Exclamation Mark

Exclamation Mark

5.0 4
by Amy Krouse Rosenthal, Tom Lichtenheld
     
 

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From the bestselling creators of Duck! Rabbit!, an exciting tale of self-discovery!

He stood out here.

He stood out there.

He tried everything to be more like them.

It's not easy being seen. Especially when you're NOT like everyone else. Especially when what sets you apart is YOU.

Sometimes we squish ourselves to fit in. We shrink. Twist. Bend. Until --

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Overview


From the bestselling creators of Duck! Rabbit!, an exciting tale of self-discovery!

He stood out here.

He stood out there.

He tried everything to be more like them.

It's not easy being seen. Especially when you're NOT like everyone else. Especially when what sets you apart is YOU.

Sometimes we squish ourselves to fit in. We shrink. Twist. Bend. Until -- ! -- a friend shows the way to endless possibilities.

In this bold and highly visual book, an emphatic but misplaced exclamation point learns that being different can be very exciting! Period.

Editorial Reviews

The New York Times Book Review - Michael Ian Black
This slight story is an amusing and effective exploration of the "ugly duckling" premise…the energetic graphic illustrations kept me smiling and turning the pages.
Publishers Weekly
Rosenthal and Lichtenheld (the team behind Duck! Rabbit! and other titles) give punctuation personalities in this witty calligraphic jaunt. Against a background of lined penmanship paper, an exclamation mark realizes he differs from his neighbors, a neat row of periods. Like them, he consists of a smiley face drawn in swooshes of expressive black ink, but above his head stands a resolute vertical dash. He twists and curls his topper to no avail, until—“Hello? Who are you?”—an inquisitive question mark appears. Bothered by the newcomer’s incessant queries (“When’s your birthday? Know any good jokes?”), the hero bellows a spread-shaking “Stop!” and discovers his talent for assertions, from “Hi!” to “Wow!” and “Look what I can do!” Thanks to savvy design, the exclamation mark’s announcements are printed in different sizes and colors to subtly indicate emphasis and tone, yet the mark never meets others like himself and therefore never suffers from overuse. With a restraint that’s more declaratory than exclamatory, Rosenthal and Lichtenheld cleverly raise awareness of the ways punctuation conveys mood. Ages 4�8. Agent: Amy Rennert, the Amy Rennert Agency, (Mar.)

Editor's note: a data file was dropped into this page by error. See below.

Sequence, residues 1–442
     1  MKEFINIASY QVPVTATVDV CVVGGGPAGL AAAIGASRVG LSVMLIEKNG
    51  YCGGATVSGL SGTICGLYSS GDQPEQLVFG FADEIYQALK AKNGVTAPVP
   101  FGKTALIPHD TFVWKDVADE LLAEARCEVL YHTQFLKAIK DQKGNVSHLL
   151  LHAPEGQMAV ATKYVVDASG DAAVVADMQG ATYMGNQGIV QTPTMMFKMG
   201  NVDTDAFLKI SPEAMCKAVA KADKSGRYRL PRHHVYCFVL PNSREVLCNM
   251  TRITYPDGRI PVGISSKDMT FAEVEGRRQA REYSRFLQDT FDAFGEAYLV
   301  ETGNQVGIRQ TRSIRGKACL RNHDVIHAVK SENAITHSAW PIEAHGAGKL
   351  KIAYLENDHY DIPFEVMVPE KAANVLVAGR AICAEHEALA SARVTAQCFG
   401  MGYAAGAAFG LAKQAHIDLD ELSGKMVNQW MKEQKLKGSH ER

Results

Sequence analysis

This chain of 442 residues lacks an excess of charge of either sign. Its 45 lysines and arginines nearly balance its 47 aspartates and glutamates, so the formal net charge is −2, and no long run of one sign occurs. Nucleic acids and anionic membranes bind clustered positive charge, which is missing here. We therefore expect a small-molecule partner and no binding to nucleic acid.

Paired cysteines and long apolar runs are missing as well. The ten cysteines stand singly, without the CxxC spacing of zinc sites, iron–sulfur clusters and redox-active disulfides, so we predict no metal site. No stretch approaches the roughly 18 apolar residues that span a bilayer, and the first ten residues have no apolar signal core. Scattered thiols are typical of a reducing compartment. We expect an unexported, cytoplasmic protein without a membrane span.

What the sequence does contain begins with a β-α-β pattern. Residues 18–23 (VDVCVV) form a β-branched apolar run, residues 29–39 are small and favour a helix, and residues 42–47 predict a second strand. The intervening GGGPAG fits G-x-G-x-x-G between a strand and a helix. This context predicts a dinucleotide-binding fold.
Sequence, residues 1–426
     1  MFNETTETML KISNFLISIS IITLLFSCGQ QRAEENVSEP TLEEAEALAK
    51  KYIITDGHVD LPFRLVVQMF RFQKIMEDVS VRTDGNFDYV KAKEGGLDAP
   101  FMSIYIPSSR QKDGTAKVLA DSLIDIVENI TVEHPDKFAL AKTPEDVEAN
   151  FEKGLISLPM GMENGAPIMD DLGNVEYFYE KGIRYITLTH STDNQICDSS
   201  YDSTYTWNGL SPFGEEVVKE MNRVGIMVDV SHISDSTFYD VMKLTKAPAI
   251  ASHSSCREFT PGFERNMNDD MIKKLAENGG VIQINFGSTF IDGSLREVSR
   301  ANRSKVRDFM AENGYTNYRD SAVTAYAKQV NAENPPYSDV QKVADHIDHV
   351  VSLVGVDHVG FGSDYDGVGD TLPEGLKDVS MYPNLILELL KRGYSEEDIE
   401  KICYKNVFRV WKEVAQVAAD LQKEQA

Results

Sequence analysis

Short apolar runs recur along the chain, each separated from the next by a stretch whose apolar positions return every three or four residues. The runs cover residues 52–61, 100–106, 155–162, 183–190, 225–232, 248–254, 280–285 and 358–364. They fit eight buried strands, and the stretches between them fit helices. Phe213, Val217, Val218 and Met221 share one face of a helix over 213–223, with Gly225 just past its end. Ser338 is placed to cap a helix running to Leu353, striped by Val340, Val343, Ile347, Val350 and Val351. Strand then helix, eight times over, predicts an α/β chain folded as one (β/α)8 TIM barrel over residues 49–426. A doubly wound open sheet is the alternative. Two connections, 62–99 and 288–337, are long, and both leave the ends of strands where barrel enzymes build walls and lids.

From the Publisher

"From the dynamic team that brought you Duck! Rabbit! (2009) comes this introduction to the most exuberant punctuation mark of all: the exclamation point. At first, !, a round circle with a face, doesn’t like standing out in a crowd; in a line-up of seven smiling faces, which look like period marks, he’s the only one with a line above his head. ! tries clever ways to fit in (flipping himself upside down, thereby squashing his tail) and even thinks about running away, until he meets a formidable force: the question mark. After a barrage of questions from ? (“Do you like frogs? Can you hula-hoop?”), ! finds his voice and tells him to “STOP!” From there, !’s confidence begins to grow and, soon, there’s no stopping his unbridled joy. The spare, clever illustrations—all round, black-outlined punctuation marks with faces—are set on thick lined-paper, the kind kindergarteners use, and the overall design effect is lovely. The text is similarly simple, but a change in the size and color of the font signifies important moments. With the